As a recovering alcoholic and having set up a treatment center at a local Adventist hospital(many years ago), my observation and experience is alcohol, and other mind-altering behaviors block the ability to hear and experience the Holy Spirit. The key to recovery is reconnecting to Him. This can be observed in long-term sufferers' hatred, bitterness, and evil. Part of successful 12-step groups is a pathway to listening to and being directed by The Spirit.

    • The reality is we don't know if Paul and Silas had good voices, but their singing still made an impression on the other prisoners. And a lot of the commands to sing and praise God don't seem to be optional. Music isn't listed as a spiritual gift, though some people can definitely bless us through it. So I would encourage you to sing anyway, even if you don't sound good. I have never noticed anyone having a really bad voice during corporate singing (if the leader can't sing, that is another matter!), so I don't think anyone needs to hold back.

      Just my opinion, and I admit I am a music lover, though I know many are not.

      • I too am a music lover but I know what music sounds with and without my voice and I prefer the former. I still appreciate good congregational singing, but my line says "tacit" and even tacid contributes. Carmel is a performance-rated pianist and is still heavily involved in music. Her contribution is now in the community where she has challenged herself to play the Ukulele and take part in the local U3A music groups. It's secular singing but she is both a valued contributor and a witness to Christianity in that environment.

        • Maurice, I still encourage you to sing.

          An off-tune lay person singing their praises unto God with their heart & soul is appreciated more by God, than a perfectly in-tune soprano or tenor who does not believe in Him.

        • Maurice, GM. I do appreciate your contribution to the Sabbath school discussion. I'd implore you though may I also share the pictures of the birds. So continue to do same. Plz, do not venture to sing". Plz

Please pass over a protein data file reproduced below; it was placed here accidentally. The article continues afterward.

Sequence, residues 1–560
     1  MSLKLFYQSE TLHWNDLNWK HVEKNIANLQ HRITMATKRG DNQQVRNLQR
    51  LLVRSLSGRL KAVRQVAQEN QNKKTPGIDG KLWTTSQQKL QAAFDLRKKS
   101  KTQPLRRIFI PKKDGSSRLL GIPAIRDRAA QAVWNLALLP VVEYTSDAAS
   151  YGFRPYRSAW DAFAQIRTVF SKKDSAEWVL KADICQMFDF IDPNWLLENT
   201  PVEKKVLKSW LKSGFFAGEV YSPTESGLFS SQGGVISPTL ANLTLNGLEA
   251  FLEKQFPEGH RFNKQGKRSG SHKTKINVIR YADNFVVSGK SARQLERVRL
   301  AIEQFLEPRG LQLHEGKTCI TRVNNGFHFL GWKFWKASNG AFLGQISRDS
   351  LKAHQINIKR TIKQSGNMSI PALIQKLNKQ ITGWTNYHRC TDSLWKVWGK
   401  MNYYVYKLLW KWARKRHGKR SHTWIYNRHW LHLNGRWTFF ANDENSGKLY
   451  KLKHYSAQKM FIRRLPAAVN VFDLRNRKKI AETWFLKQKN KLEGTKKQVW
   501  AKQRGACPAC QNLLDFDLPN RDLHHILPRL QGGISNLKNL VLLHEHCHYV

• Ronald, you are always welcome to share the bird pictures. And, thank you for undererstanding the demise of my singing. There was a time when I sang in choirs but age has cracked the vocal chords so that my best contribution is to appreciate the singing of others.

    • I agree with you, Maurice.

      I had a friend who recently passed. She sang off key, but she thought she was a great singer. She loved to sing and I wouldn't say anything when she did. But I must admit, I often cringed when she sang.

      I love to sing. I'm not a professional. I sound OK. But there are times when I stand quietly and I sense a spiritual essence rise up from within me in a perfect worship without me singing anything. Also, I may quietly listen to the words of the song and my heart rejoices. Then their are times when I start singing in tongues in harmony with the congregation, and I am amazed at the sound that comes out! We can sing with our hearts and worship our Lord without the use of our vocal cords when the Spirit performs within.

      I encourage you to sing with your heart in the Spirit without opening your mouth, for the Lord sees what is in your heart ❤️ and appreciates your true worship.

  2. In Ephesians 5:18-20, Paul imagines Christians gathered to worship. What does he depict them as doing in that worship ?
    They are filled by the Holy Spirit and giving thanks to God through His Son, King Jesus Christ, through praise and worship.

    How can you use music to enhance your own worship experience ?
    When I am in the kitchen preparing something to eat, I sing a hymn. My favourite is "Trust and Obey" by John H. Sammis (1887).

    I met a man on this last Saturday (straight after my first attendance of a Johannesburg North Seventh Day Adventist Sabbath service) at the garage (gas-filling station) nearby my home. His firstname is Ognian and he is homeless and is currently living in his car (he is of Bulgarian descent and is now a resident of South Africa since 1991).